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HONG KONG: Hong Kong independence activist Edward Leung Tin-kei, whose now-banned slogan became a rallying cry during the 2019 pro-democracy movement, was released from jail early on Wednesday (January 19) after nearly four years old.

Leung, 30, was the face of Hong Kong’s indigenous grassroots group and a rising star on the political scene when a fledgling pro-independence movement gained momentum in 2016.

But his rise was cut short two years later when he was jailed for rioting and assaulting police during a 2016 protest, in which protesters threw bricks and lit rubbish on fire in Hong Kong’s Mong Kok business district.

While Leung was held in a maximum-security prison, his election campaign slogan, “Free Hong Kong, the revolution of our times,” gained prominence when protesters in 2019 interpreted it as a rallying cry against China’s rule. .

The chant, ubiquitous during the huge and at times violent pro-democracy demonstrations that convulsed the city, was criminalized last year under a far-reaching national security law that Beijing imposed on Hong Kong to end the dissent.

Leung was expected to be released from Shek Pik prison during business hours on Wednesday, but authorities confirmed he was released under cover of darkness in the pre-dawn hours.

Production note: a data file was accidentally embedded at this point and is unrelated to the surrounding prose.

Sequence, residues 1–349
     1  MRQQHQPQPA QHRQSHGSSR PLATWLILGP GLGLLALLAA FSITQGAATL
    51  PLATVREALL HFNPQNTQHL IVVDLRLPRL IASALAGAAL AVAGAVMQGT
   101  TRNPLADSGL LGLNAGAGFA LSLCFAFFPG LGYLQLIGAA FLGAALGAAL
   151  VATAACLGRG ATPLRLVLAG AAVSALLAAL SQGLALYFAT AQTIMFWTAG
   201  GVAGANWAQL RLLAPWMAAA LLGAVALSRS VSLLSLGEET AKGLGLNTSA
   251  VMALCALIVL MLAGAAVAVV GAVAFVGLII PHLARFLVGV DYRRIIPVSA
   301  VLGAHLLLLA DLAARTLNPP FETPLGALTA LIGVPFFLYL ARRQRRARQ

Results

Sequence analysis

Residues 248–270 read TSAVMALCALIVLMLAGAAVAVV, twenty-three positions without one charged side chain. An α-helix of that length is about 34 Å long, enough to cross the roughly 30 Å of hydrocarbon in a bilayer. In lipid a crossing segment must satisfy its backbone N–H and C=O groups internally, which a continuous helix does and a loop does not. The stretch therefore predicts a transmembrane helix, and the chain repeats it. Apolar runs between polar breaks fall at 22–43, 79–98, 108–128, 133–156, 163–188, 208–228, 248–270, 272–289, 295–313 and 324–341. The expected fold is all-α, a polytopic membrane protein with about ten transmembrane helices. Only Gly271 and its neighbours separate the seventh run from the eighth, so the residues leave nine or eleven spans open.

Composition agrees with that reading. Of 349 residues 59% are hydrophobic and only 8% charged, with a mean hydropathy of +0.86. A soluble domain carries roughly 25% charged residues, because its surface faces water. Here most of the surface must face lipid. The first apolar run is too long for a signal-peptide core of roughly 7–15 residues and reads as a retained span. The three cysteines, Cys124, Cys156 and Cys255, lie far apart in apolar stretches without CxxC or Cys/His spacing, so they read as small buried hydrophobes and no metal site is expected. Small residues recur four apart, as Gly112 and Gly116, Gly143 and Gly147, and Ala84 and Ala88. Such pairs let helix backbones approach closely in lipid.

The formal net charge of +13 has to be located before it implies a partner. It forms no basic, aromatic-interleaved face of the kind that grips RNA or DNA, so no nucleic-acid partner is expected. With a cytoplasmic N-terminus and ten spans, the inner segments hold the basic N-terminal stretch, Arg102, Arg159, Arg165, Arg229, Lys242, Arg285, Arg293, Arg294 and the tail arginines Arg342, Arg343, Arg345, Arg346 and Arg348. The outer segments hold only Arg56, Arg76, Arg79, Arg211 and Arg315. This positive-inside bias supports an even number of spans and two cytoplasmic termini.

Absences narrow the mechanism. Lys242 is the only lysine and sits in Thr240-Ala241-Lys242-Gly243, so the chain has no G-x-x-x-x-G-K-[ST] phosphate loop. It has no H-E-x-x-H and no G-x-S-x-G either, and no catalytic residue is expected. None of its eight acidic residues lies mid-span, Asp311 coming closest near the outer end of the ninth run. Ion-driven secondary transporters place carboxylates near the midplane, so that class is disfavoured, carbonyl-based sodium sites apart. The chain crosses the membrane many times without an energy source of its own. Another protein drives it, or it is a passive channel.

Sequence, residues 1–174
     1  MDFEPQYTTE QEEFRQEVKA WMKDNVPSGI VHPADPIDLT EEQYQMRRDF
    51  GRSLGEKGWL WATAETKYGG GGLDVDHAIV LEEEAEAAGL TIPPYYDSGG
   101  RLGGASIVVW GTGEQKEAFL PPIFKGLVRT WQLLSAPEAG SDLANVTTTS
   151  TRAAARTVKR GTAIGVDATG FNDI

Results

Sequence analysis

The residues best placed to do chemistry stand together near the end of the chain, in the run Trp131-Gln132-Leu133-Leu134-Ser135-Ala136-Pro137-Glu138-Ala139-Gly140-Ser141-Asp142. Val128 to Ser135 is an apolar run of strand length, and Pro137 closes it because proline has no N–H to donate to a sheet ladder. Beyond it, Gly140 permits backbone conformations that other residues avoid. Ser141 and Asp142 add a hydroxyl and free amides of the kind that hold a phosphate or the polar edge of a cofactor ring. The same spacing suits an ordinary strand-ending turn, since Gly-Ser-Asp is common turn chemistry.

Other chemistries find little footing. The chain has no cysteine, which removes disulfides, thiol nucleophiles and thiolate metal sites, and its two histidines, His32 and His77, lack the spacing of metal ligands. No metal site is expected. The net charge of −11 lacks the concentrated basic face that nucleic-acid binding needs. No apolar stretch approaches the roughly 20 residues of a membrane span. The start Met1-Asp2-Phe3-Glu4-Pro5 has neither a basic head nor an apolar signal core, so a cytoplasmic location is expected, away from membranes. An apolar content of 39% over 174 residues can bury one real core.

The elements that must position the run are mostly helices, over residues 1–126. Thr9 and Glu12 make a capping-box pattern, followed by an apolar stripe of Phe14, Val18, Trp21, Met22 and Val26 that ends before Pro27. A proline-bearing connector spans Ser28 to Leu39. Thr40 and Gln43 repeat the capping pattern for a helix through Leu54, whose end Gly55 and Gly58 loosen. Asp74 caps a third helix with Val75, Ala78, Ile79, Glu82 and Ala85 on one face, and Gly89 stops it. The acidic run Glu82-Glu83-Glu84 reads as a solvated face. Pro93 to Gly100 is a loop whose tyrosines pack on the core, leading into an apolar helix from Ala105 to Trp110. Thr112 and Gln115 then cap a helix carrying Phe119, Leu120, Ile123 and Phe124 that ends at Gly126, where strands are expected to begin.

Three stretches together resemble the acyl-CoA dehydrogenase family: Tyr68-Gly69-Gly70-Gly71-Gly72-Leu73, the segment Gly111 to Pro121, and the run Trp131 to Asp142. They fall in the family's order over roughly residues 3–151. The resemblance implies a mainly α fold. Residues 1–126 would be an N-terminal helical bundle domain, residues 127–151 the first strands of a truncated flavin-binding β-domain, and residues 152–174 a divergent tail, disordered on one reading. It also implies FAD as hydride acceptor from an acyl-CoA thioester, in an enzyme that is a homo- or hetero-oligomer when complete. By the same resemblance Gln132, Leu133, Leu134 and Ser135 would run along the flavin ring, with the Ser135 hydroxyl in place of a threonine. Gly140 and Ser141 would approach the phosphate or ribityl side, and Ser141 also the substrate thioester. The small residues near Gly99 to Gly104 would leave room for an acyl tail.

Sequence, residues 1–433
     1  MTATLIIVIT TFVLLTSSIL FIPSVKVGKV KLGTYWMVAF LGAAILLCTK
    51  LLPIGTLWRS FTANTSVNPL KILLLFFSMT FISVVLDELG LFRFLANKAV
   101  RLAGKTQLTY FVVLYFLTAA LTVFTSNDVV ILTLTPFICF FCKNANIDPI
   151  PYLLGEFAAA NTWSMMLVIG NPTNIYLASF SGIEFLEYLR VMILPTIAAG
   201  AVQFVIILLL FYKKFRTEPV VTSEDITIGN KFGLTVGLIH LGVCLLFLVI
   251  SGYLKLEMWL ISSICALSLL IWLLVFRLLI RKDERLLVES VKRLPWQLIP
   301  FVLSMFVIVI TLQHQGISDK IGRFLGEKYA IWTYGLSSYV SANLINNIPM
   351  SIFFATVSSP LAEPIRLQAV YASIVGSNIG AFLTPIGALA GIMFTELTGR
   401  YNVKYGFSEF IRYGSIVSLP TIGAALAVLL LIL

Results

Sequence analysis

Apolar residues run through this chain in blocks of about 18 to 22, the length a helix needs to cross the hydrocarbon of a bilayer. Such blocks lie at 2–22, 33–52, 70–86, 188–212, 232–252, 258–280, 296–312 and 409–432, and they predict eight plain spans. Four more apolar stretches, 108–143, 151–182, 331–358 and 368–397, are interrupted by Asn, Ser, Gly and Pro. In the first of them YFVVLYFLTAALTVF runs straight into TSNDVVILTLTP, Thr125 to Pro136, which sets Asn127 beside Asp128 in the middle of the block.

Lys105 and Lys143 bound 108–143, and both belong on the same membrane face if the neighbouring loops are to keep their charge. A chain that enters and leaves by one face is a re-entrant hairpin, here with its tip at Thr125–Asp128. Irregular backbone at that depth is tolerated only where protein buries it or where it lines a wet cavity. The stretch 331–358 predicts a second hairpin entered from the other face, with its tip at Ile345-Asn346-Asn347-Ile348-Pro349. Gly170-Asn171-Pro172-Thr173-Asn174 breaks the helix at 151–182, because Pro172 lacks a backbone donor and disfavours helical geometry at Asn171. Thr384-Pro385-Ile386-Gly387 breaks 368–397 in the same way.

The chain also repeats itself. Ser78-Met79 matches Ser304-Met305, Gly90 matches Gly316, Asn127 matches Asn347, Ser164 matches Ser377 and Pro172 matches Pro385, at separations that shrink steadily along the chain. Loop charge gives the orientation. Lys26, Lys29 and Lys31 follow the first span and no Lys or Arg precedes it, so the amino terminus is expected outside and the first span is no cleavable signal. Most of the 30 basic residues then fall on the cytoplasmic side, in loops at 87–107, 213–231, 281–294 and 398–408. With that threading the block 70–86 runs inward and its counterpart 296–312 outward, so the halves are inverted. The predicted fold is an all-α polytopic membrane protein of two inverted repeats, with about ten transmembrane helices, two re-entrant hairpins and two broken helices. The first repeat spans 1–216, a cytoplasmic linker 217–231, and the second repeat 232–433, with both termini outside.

“The Department of Correctional Services has taken appropriate steps to arrange for the person in custody in question to be released from Shek Pik Prison in the early hours of the morning,” Hong Kong’s prison department told AFP in a statement. email.

This was done with “consideration of the wishes and safety of the detainee”.

Leung posted on his official website around 5:45 am that he had been reunited with his family.

“After four years, I want to cherish the precious time I have with my family and restore a normal life. I would like to express my genuine gratitude for all your care,” he wrote.

He added that he will “stay out of the spotlight and stop using social media” as he is legally required to comply with a “supervision order”.

Leung’s family on Tuesday urged the public not to gather at the prison for the activist’s release.

Weeks earlier, government sources had told local media that “Leung is likely to be watched” as authorities distrust his influence in the now-stifled pro-independence camp.


Born in the Chinese mainland city of Wuhan in 1991, Leung is best recognized as one of the early faces of the Hong Kong independence movement.

Initially, he was resented by mainstream supporters of democracy for his staunch defense of Hong Kong’s independence.

But his views gained popularity, particularly among the territory’s younger generation, after the largely peaceful 79-day Occupy Movement collapsed in 2014, with police forcibly evicting protesters with batons and gas. pepper in some cases.

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